“Super continent” discovers new species complete skeleton

According to a paper recently published by the British journal Nature, american scientists have discovered a complete mammalian skeleton of the “super continent. This skeleton is the first nearly complete skeleton of Gondwana beast. This discovery brings clues to understand the evolution of early mammals.

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Gondwana’s Mesozoic (0.252 billion -65 million years ago) mammal fossil record is far less than the northern super continent lauya ancient continent. Gondwana has a group of mammals called Gondwana, which were animals that once lived in the ancient southern “super continent”. Previously, people only found their scattered jaws, teeth and a skull.

This time, David Karsh, a scientist at the Museum of Natural Science in Denver, USA, and his colleagues described the latest discovery of the most complete skeleton of mammals from the Mesozoic Gondwana. It represents a new species, and the research team named it adamatherium hui-the word comes from Madagascar’s “crazy” and Greek’s “Beast”.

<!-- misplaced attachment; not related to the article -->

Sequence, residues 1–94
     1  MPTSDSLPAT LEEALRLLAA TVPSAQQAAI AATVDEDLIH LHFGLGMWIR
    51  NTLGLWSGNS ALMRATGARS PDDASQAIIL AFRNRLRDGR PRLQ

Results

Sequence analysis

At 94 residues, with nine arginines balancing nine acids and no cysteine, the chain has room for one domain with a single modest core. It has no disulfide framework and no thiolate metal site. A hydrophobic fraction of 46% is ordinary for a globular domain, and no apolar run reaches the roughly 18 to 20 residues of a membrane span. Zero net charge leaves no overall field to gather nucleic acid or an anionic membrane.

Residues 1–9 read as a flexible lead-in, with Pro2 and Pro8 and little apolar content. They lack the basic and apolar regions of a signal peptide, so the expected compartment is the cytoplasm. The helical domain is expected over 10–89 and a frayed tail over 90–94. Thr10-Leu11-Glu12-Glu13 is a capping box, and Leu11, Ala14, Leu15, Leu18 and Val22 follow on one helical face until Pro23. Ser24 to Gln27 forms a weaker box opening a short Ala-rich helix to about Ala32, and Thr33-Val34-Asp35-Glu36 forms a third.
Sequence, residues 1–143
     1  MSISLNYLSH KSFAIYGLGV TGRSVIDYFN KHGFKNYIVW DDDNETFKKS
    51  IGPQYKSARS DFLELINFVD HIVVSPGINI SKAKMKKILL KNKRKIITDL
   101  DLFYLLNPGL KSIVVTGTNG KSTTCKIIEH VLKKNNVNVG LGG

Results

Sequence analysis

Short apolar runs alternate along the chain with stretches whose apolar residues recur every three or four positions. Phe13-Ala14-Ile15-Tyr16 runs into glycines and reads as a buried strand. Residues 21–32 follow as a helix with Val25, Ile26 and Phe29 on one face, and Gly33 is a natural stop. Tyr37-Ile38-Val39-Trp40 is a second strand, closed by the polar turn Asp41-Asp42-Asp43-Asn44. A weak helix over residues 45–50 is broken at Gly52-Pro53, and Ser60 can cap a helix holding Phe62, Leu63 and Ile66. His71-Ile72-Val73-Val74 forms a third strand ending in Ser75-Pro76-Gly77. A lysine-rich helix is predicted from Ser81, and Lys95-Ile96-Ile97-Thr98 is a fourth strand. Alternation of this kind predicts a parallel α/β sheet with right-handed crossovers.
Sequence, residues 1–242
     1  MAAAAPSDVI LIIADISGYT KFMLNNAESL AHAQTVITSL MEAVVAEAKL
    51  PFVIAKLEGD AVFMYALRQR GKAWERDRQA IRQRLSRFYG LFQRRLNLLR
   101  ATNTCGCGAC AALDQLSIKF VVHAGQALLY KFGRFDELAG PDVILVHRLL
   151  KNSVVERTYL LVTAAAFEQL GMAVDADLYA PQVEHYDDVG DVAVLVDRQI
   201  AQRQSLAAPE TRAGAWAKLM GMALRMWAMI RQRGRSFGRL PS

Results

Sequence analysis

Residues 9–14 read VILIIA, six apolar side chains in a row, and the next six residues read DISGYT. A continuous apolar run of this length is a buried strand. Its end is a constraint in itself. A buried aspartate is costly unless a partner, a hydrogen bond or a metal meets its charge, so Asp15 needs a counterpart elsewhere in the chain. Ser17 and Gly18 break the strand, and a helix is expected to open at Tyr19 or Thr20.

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This skeleton includes a large number of body vertebrae and a short and wide coccyx, and also retains small bone and cartilage tissue. Although this specimen represents a minor individual-weighing an estimated 3.1 kilograms, it belongs to the largest known lactation form from the Mesozoic Gondwana. This may reflect the vastness of isolated evolution of species, as the most obvious and quantifiable impact of island evolution is found to be related to body size.

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The research team analyzed the evolutionary relationship between this new species and other species, and placed it in a position close to the polyodontoid, a mammal similar to a rodent, mainly from the northern continent. The new species discovered this time have complete skeletons and survive in the isolated island environment of Madagascar, which provides an opportunity to study how Mesozoic mammals evolved in isolated environments.

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